“It’s one of those things we’re trying to wrestle with a little bit of: We’ve got a really strong bullpen, how do we best utilize them?” Blake said. “We’ve got two young starters who are trying to learn how to be starters at the major league level. So you kind of want to get them into a routine that they can repeat time after time.
“If you’re always kind of messing when they’re coming into the game and what that routine looks like, it’s not totally fair to them. Now obviously they’re up for it, they understand the task, they’re willing to be team guys. But I think in some sense, we do want to give them a semblance of, ‘This is what it’s like to be a major league starter, preparing for a team like the Atlanta Braves.’ I think there’s a lot to be said for being the guy that takes the ball first.”
The shortstop may not be putting the finishing touches on the Rookie of the Year-worthy campaign that some had him pegged for (ahem, I am among the guilty of being swayed by how he looked in spring training to win the starting job).
Nonetheless, it still has been a valuable development year for Volpe, which may ultimately be one of the most important things to come out of an otherwise disappointing season for the Yankees. Finishing it off on a high note and completing the grind of a 162-game season (he still has a chance to appear in all 162 games, by the way) is important.
The 22-year-old has been able to experience the ups and downs of a major league season, making some adjustments along the way that should benefit him in the long run. Since closing his stance in mid-June, Volpe has looked better at the plate, slashing .249/.332/.445 over his last 54 games.
Besides how he has handled the struggles mentally, the most impressive aspect of Volpe’s season has been his defense. His 12 Defensive Runs Saved, per Sports Info Solution’s Fielding Bible, were tied for the third-best among all shortstops.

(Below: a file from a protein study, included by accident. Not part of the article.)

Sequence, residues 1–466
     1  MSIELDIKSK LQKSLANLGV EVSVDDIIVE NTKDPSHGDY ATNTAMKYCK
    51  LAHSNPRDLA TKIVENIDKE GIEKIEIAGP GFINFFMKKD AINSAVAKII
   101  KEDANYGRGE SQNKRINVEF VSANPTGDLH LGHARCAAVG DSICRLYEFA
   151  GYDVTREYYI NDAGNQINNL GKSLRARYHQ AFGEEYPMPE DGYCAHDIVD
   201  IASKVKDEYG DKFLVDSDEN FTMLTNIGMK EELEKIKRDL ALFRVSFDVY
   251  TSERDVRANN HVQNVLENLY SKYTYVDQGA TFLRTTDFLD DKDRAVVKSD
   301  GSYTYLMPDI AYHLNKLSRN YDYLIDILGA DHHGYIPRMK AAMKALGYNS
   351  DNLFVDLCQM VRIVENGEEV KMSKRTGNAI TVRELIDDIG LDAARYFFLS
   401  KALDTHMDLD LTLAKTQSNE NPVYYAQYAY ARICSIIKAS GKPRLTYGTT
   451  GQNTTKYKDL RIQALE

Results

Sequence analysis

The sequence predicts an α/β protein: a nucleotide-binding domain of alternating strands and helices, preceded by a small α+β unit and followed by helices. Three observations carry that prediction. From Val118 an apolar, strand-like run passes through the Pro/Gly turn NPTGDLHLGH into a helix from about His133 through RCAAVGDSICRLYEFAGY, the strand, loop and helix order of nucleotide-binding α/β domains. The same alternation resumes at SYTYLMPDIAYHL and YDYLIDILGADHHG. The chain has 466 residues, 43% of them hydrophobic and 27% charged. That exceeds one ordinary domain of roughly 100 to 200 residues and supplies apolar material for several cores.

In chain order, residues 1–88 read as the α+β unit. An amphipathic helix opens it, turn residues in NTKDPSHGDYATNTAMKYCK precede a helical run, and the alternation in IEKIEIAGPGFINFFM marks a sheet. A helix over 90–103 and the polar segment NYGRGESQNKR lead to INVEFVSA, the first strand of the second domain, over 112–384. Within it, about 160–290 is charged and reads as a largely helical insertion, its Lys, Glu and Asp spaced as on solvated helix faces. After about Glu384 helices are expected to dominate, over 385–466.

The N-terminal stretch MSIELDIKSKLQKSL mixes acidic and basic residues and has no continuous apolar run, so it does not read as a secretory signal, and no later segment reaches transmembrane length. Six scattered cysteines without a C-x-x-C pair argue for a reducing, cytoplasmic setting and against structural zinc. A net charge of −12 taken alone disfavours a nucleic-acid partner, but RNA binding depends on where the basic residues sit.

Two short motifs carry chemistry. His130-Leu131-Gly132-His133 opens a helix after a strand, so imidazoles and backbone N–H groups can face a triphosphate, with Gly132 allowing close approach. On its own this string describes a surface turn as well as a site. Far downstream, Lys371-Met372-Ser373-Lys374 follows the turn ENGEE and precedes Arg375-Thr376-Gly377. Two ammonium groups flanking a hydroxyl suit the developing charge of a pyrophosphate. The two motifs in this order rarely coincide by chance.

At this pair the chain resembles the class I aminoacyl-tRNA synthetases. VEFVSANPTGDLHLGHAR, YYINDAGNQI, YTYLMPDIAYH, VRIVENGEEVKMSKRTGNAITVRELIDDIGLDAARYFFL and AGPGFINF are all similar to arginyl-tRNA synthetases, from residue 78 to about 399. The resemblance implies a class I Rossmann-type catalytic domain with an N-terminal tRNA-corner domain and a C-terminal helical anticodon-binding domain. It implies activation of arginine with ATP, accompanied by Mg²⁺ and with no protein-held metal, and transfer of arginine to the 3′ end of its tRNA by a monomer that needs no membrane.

At some point over the final six weeks, Pereira has a chance to make his MLB debut.
The outfield prospect has been making the most of his recent promotion to Triple-A Scranton/Wilkes-Barre, putting himself in position to get a late-season run with the Yankees.
Not only could he potentially help fill the season-long hole in left field, but also get an early jump on trying to win a spot in left or center field for next season.
The 22-year-old was hitting .308 with a .877 OPS in 32 games at Triple-A entering Thursday.
Other candidates to join Pereira on the September shuttle from SWB to The Bronx include Oswald Peraza and Austin Wells.
Blast from the past
Andy Pettitte joined the Yankees for their series in Atlanta, working with pitchers during their pregame bullpen sessions, and is also expected to be in The Bronx for this upcoming homestand.
Pettitte, recently hired by the Yankees as a pitching adviser, already has been a valuable resource.
“I think it’s great for these guys because he obviously brings a completely different perspective than I do,” said Blake, who did not pitch past college.
“Obviously, [bullpen coach Mike] Harkey’s got some experience, but Andy’s been through it all as a starter, in this environment. I think everyone can relate to what he’s gone through here and he has a lot of experience that he can help share with them. Just a different set of eyes and language around how we’re discussing pitching in general.”
If you’re looking for bright spots down on the farm, keep an eye out for Drew Thorpe.
The 22-year-old right-hander, the Yankees’ second-round pick in 2022, was promoted to Double-A Somerset last week.
In his debut, he tossed eight shutout innings, allowing just two hits and striking out nine.